Targeting LDH enzymes with a stiripentol analog to treat epilepsy

  title={Targeting LDH enzymes with a stiripentol analog to treat epilepsy},
  author={Nagisa Sada and Suni Lee and Takashi Katsu and Takemi Otsuki and Tsuyoshi Inoue},
  pages={1362 - 1367}
Targeting metabolism to tackle seizures About 1% of us suffer from epilepsy. Unfortunately, presently available drugs do not work for a third of epileptic patients. Sada et al. wanted to develop compounds to treat drug-resistant epilepsy (see the Perspective by Scharfman). They focused on a metabolic pathway in the brain, the astrocyte-neuron lactate shuttle. They found that lactate dehydrogenase, a key molecule in nerve cell metabolism, controls brain excitability. Searching for a substance… 

Commentary: Targeting LDH enzymes with a stiripentol analog to treat epilepsy

  • C. Cho
  • Biology
    Front. Cell. Neurosci.
  • 2015
Lactate is released from astrocytes through monocarboxylate transporters (MCT1 and MCT4), and has been also reported to be released through ion channels yet to be identified (Korn et al., 2005, 2015).

Metabolic Control of Epilepsy: A Promising Therapeutic Target for Epilepsy

Epilepsy is a common neurological disease that is not always controlled, and the ketogenic diet shows good antiepileptic effects drug-resistant epilepsy or seizures caused by specific metabolic

Upregulation of lactate dehydrogenase A in a chronic model of temporal lobe epilepsy

It is shown that chronic seizures increase LDHA, and conversely, the inhibition of LDHA suppresses seizures, which supports LDHA as a molecular target for the development of new antiepileptic drugs.

Metabolic Control of Epilepsy: A Promising Therapeutic Target for Epilepsy

Regulation of neuronal excitation via metabolic pathways and antiepileptic therapies targeting metabolic pathways are emphasized to provide insight into the state of the art concerning the brain’s metabolic patterns and their association with epilepsy.

The metabolic basis of epilepsy

Evidence that supports both pathophysiological and therapeutic roles for brain metabolism in epilepsy is reviewed, highlighting the growing recognition that disruptions in cellular metabolism can be both a cause and a consequence of epileptic seizures and how this emerging science might be exploited to develop innovative therapeutic strategies.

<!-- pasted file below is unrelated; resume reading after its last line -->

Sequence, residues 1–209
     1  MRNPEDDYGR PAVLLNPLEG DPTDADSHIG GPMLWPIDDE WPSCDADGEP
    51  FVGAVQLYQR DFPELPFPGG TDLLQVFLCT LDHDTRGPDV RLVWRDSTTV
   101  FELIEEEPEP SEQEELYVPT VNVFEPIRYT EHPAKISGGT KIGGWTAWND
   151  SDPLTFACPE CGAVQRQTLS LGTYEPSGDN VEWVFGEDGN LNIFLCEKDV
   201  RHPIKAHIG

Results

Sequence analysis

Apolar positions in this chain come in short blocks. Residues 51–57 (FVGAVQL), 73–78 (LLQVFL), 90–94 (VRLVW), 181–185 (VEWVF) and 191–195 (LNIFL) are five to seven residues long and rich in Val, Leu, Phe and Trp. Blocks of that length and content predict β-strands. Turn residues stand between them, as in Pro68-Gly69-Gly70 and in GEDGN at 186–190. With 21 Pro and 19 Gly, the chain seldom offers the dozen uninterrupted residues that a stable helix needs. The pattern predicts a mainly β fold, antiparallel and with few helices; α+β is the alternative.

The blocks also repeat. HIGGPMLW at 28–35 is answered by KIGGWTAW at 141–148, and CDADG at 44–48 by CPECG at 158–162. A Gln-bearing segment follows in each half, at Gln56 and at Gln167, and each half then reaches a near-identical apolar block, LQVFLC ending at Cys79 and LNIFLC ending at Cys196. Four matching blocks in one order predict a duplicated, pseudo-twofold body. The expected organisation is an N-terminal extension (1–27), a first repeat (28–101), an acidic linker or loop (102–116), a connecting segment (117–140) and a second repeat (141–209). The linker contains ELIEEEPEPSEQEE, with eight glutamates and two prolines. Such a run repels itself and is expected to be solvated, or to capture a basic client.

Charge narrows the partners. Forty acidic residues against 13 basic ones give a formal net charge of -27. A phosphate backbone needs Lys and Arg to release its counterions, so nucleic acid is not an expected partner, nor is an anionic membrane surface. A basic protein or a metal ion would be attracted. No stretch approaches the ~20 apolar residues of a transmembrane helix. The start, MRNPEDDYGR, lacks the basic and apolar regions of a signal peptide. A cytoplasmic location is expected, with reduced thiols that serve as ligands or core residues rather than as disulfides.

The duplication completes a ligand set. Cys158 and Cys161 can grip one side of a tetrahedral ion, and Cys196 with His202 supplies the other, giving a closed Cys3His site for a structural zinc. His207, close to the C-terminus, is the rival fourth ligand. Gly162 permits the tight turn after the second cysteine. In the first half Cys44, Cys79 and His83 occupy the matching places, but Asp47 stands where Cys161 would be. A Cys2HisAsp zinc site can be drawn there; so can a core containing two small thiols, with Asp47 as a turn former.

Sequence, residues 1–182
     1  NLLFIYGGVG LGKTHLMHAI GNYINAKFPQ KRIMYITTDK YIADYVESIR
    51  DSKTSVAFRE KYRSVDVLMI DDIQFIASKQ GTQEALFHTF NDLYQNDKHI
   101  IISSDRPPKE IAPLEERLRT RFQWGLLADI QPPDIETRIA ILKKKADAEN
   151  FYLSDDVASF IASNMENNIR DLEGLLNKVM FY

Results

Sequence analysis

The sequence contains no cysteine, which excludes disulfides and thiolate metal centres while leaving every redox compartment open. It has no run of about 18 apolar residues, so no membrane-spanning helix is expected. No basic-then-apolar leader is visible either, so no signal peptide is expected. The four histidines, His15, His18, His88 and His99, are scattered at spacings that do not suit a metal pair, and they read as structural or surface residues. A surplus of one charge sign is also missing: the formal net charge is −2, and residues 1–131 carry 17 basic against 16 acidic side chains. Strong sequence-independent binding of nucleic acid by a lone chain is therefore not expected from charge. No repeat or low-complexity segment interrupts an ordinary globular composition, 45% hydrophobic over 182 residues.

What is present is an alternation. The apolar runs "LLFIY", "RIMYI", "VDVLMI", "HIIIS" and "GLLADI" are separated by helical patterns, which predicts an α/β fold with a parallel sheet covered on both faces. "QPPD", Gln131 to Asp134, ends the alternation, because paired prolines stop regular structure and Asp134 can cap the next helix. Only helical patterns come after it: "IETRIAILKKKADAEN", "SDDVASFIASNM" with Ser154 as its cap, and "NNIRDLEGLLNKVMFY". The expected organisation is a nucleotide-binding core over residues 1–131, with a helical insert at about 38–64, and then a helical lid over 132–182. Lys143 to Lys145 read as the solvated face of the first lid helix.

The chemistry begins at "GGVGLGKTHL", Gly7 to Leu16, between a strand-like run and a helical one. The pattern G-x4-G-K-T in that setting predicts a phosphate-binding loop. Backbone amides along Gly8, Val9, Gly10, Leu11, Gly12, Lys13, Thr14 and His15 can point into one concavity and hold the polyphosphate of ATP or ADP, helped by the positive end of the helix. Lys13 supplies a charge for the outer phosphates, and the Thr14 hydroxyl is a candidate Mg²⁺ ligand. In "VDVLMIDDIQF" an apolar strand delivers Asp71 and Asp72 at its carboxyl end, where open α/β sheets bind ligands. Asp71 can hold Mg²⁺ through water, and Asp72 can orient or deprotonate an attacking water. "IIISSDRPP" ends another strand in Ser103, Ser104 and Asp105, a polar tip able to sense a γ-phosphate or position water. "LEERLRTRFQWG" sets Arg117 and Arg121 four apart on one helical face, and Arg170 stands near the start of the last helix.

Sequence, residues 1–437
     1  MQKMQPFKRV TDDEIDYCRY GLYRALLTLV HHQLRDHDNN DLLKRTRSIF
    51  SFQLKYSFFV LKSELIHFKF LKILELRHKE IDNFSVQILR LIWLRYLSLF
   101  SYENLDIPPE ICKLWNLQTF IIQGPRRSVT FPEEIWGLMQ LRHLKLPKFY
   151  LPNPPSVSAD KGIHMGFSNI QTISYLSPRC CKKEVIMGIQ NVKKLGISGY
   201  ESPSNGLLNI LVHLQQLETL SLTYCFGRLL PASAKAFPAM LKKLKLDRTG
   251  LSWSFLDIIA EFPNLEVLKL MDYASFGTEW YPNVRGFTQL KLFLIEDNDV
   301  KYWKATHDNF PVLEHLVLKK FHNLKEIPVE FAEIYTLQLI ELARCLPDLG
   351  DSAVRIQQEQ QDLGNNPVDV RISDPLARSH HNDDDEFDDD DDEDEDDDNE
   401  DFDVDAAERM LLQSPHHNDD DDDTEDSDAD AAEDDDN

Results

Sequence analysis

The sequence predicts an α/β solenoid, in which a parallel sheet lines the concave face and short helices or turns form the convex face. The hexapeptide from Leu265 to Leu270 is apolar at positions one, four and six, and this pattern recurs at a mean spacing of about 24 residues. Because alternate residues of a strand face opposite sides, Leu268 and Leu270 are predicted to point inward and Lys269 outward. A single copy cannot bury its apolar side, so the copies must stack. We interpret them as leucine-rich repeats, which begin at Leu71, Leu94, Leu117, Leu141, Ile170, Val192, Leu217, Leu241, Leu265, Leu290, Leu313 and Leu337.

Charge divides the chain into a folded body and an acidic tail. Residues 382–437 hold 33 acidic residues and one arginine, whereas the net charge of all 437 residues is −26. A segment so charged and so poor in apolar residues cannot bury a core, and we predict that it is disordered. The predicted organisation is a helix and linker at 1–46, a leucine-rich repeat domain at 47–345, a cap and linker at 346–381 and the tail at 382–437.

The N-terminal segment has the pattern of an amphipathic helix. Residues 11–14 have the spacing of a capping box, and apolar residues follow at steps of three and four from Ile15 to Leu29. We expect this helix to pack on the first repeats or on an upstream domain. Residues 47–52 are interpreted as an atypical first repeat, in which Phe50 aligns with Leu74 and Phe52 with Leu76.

Reduction of epileptiform activity in ketogenic mice: The role of monocarboxylate transporters

The results suggest that MCTs not only play an important role in the transport of ketone bodies, but also in the modulation of brain energy metabolism under normal and ketogenic conditions.

Use of the Ketogenic Diet to Treat Intractable Epilepsy in Mitochondrial Disorders

The ketogenic diet and its more palatable formulations has shown promising results and is especially indicated and effective in the treatment of mitochondrial disorders due to complex I deficiency.

Neuregulin 1/ErbB4 signaling contributes to the anti-epileptic effects of the ketogenic diet

A critical role of Nrg1/ErbB4 signaling in mediating KD’s effects on GABAergic activity and seizures is suggested, shedding light on developing new therapeutic interventions to seizure control.

Metabolic control of epilepsy

Seizures may be controlled by targeting inexcitable elements of the nervous system [Also see Report by Sada et al.] It has been assumed that anticonvulsants or antiepileptic drugs, now called



Stiripentol. A novel antiepileptic drug.

STP potentiates central gamma-aminobutyric acid (GABA) transmission and is characterized by nonlinear pharmacokinetics and inhibition of liver microsomal enzymes, and seems a good candidate for adjunctive therapy in intractable epilepsy.

Sweet Sixteen for ANLS

  • L. PellerinP. Magistretti
  • Biology
    Journal of cerebral blood flow and metabolism : official journal of the International Society of Cerebral Blood Flow and Metabolism
  • 2012
The ANLS model now represents a useful, experimentally based framework to better understand the coupling between neuronal activity and energetics as it relates to neuronal plasticity, neurodegeneration, and functional brain imaging.

Discovery of N-hydroxyindole-based inhibitors of human lactate dehydrogenase isoform A (LDH-A) as starvation agents against cancer cells.

New and efficient N-hydroxyindole-based inhibitors of LDH-A are discovered, which are isoform-selective (overLDH-B) and competitive with both the substrate (pyruvate) and the cofactor (NADH) and they proved to be particularly effective under hypoxic conditions.

A ketogenic diet suppresses seizures in mice through adenosine A₁ receptors.

It is shown that ketogenic diet can reduce seizures in mice by increasing activation of adenosine A1 receptors (A1Rs) and that adenosines deficiency may be relevant to human epilepsy and that KD can reducing seizures by increasing A1R-mediated inhibition.

Ketogenic Diet Metabolites Reduce Firing in Central Neurons by Opening KATP Channels

It is proposed that ketone bodies or glycolytic restriction treat epilepsy by augmenting a natural activity-limiting function served by KATP channels in neurons, which is larger for cells that fire more rapidly.

Ketogenic diets, mitochondria, and neurological diseases

There is mounting evidence that the KD and its variants can impact key signaling pathways that evolved to sense the energetic state of the cell, and that help maintain cellular homeostasis, which may lead to future therapeutic strategies aimed at mimicking the pleiotropic neuroprotective effects of the KD.

Seizure Suppression by Adenosine A1 Receptor Activation in a Mouse Model of Pharmacoresistant Epilepsy

In the present study, activation of the adenosine system was applied as a possible treatment for pharmacoresistant epilepsy.